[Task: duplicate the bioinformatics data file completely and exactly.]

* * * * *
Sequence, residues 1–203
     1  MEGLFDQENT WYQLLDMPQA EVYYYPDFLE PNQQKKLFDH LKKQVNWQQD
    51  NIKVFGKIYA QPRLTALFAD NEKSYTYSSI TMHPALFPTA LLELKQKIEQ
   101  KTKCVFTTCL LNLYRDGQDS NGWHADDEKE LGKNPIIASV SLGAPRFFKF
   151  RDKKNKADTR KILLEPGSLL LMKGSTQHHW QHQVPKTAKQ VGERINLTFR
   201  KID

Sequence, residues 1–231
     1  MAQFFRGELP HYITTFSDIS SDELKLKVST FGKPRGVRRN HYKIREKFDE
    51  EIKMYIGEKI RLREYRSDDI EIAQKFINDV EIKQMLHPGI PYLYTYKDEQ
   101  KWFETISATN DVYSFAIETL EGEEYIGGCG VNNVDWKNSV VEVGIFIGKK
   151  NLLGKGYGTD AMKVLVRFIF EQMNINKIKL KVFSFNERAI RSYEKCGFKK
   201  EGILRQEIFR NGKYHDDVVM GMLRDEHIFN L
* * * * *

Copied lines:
Sequence, residues 1–203
     1  MEGLFDQENT WYQLLDMPQA EVYYYPDFLE PNQQKKLFDH LKKQVNWQQD
    51  NIKVFGKIYA QPRLTALFAD NEKSYTYSSI TMHPALFPTA LLELKQKIEQ
   101  KTKCVFTTCL LNLYRDGQDS NGWHADDEKE LGKNPIIASV SLGAPRFFKF
   151  RDKKNKADTR KILLEPGSLL LMKGSTQHHW QHQVPKTAKQ VGERINLTFR
   201  KID

Sequence, residues 1–231
     1  MAQFFRGELP HYITTFSDIS SDELKLKVST FGKPRGVRRN HYKIREKFDE
    51  EIKMYIGEKI RLREYRSDDI EIAQKFINDV EIKQMLHPGI PYLYTYKDEQ
   101  KWFETISATN DVYSFAIETL EGEEYIGGCG VNNVDWKNSV VEVGIFIGKK
   151  NLLGKGYGTD AMKVLVRFIF EQMNINKIKL KVFSFNERAI RSYEKCGFKK
   201  EGILRQEIFR NGKYHDDVVM GMLRDEHIFN L